Banker remembers 'helpful, open-minded' man

In the early 2000s, a push by then Senior Minister Lee Kuan Yew to consolidate Singapore's banking sector put the former Overseas Union Bank (OUB) in a tough position, said Mr Peter Seah, who was the bank's president at the time.

Mr Lee had wanted the banks to merge and grow larger so they could compete better globally.

Although it had been the fastest-growing local bank in the 1990s, OUB was still the smallest and thus a "potential victim" to be acquired by its larger competitors, recalled Mr Seah yesterday.

"I had my own views then: OUB was a bank worth preserving, so I actually reached out to (Mr Lee)," said Mr Seah. "I wrote him a letter, never expecting any response. But he called me up, and grilled me over my thoughts, over my arguments."

Mr Lee also gave him some advice - do something or the bank would be taken over - said Mr Seah, speaking to reporters at Parliament House yesterday after paying his last respects to Mr Lee.

"I always remembered him as somebody who I least expected (to do so) but who reached out, was helpful, was understanding, was open-minded and was warm," said Mr Seah.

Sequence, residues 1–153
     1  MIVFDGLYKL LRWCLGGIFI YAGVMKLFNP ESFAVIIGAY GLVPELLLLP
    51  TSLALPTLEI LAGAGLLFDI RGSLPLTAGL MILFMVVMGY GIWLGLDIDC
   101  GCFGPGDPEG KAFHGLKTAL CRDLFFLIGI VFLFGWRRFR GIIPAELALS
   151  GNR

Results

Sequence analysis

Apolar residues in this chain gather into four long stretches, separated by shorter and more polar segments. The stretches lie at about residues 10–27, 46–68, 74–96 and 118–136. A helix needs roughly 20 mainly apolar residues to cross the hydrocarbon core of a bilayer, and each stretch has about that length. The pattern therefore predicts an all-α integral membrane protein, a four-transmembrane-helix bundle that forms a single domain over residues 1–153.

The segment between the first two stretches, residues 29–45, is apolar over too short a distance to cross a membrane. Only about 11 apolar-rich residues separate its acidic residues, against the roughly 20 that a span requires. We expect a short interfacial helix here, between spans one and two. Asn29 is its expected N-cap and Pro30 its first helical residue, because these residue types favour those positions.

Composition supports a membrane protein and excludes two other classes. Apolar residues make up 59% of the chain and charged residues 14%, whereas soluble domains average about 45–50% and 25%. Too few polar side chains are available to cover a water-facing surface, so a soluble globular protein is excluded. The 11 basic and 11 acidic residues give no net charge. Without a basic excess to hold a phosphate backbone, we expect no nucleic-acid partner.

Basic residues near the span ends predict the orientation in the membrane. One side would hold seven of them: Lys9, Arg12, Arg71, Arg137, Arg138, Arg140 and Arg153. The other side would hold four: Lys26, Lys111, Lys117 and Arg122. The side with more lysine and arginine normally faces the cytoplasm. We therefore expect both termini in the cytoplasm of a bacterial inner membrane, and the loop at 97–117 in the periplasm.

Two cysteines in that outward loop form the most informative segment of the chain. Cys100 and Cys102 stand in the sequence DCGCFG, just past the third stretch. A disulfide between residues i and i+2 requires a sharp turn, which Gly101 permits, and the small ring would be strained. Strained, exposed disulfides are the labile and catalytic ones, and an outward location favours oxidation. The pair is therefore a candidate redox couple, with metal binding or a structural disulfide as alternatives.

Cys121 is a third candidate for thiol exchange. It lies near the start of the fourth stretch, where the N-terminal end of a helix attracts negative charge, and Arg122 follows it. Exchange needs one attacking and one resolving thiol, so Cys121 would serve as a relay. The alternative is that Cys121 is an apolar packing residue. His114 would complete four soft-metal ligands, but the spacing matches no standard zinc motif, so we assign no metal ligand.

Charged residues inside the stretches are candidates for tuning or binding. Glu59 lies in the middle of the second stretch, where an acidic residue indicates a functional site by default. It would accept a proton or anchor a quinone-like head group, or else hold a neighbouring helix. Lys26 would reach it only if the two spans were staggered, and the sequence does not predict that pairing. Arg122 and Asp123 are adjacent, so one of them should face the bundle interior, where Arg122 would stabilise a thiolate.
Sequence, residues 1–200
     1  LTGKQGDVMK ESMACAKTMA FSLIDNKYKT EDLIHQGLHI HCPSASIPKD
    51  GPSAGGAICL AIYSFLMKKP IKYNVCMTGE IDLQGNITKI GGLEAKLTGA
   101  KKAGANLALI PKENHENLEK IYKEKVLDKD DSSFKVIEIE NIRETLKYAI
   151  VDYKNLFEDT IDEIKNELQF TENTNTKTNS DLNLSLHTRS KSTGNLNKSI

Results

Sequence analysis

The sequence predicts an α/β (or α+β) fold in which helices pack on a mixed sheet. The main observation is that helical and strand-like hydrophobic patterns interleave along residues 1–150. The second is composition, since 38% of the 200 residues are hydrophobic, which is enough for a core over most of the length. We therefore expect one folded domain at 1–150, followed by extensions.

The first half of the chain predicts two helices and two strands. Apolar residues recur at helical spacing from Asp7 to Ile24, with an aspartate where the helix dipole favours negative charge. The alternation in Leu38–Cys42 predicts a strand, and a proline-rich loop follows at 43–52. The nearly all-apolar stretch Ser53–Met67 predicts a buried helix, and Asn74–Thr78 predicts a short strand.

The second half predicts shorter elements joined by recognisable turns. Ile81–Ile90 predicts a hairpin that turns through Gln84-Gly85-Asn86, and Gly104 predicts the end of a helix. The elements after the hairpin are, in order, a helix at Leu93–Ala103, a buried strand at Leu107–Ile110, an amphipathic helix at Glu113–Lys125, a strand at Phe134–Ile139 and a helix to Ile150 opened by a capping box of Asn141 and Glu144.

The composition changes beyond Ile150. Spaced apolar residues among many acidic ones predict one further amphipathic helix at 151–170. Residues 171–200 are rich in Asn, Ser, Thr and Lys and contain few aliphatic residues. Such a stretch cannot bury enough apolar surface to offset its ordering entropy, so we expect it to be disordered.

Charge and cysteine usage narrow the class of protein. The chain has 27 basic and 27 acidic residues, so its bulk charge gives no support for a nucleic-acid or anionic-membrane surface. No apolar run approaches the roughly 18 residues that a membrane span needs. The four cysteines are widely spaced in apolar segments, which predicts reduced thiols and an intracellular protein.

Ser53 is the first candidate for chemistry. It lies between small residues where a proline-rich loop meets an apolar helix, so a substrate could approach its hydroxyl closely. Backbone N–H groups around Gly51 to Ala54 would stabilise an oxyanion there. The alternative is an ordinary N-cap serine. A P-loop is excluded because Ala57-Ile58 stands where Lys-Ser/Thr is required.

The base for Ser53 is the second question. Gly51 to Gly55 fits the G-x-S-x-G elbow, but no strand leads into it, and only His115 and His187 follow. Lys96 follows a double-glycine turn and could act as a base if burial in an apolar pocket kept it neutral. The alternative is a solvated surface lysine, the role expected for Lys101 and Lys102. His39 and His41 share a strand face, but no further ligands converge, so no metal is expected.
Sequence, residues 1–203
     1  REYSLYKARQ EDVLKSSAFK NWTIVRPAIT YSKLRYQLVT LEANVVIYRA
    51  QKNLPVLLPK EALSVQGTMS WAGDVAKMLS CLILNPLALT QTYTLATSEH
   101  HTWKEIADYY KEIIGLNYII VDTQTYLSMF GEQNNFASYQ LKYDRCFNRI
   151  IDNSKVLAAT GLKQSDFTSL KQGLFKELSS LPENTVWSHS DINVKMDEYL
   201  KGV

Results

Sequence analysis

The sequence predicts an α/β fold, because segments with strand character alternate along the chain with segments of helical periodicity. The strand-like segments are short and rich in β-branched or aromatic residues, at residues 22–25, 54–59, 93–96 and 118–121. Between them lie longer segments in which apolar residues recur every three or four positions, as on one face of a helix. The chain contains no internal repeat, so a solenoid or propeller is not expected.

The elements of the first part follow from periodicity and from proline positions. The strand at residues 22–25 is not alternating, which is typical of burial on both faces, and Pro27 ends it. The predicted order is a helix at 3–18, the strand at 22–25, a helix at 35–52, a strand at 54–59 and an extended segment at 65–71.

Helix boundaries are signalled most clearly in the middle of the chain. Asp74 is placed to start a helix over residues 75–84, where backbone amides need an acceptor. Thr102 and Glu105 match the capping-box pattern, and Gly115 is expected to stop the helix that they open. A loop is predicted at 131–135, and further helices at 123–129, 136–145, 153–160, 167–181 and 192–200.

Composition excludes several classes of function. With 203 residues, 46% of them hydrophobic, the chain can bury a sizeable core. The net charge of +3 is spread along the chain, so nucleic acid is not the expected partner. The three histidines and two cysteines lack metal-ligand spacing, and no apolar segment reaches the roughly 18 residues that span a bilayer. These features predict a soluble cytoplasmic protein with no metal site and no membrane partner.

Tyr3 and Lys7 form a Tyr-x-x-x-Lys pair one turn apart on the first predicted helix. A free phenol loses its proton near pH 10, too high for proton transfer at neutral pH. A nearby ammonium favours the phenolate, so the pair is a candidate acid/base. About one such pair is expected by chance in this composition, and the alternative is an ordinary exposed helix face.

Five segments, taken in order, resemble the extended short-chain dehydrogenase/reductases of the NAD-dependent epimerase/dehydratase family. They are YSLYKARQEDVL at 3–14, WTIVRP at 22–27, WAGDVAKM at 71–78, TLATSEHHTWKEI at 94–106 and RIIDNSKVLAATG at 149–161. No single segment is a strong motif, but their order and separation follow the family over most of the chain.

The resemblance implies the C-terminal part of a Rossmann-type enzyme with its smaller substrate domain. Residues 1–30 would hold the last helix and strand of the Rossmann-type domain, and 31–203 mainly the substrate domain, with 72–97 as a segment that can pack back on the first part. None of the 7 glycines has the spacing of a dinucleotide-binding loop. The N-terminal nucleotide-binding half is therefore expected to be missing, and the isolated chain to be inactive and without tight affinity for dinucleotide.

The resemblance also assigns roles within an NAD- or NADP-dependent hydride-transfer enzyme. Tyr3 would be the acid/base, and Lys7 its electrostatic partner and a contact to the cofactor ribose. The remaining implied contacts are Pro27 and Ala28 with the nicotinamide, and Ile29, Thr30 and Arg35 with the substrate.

While OUB was eventually acquired by UOB, Mr Lee's prediction proved prescient: The consolidation of the banking scene left those standing in better shape to compete with their foreign peers.

"Today we have three of the world's strongest and safest banks, (which are among) the largest banks in Asia, able to withstand - no, compete - with all the global banks," said Mr Seah, who is now chairman of DBS Bank.

"DBS, for example, is in the top 50 banks in the world in terms of market capitalisation. Coming from a small island, I think that's a great achievement."

Besides Mr Seah, other visitors who paid their respects to Mr Lee yesterday included Nepal's Honorary Deputy Prime Minister Prakash Man Singh, Maldivian President Abdulla Yameen and Israeli President Reuven Rivlin.


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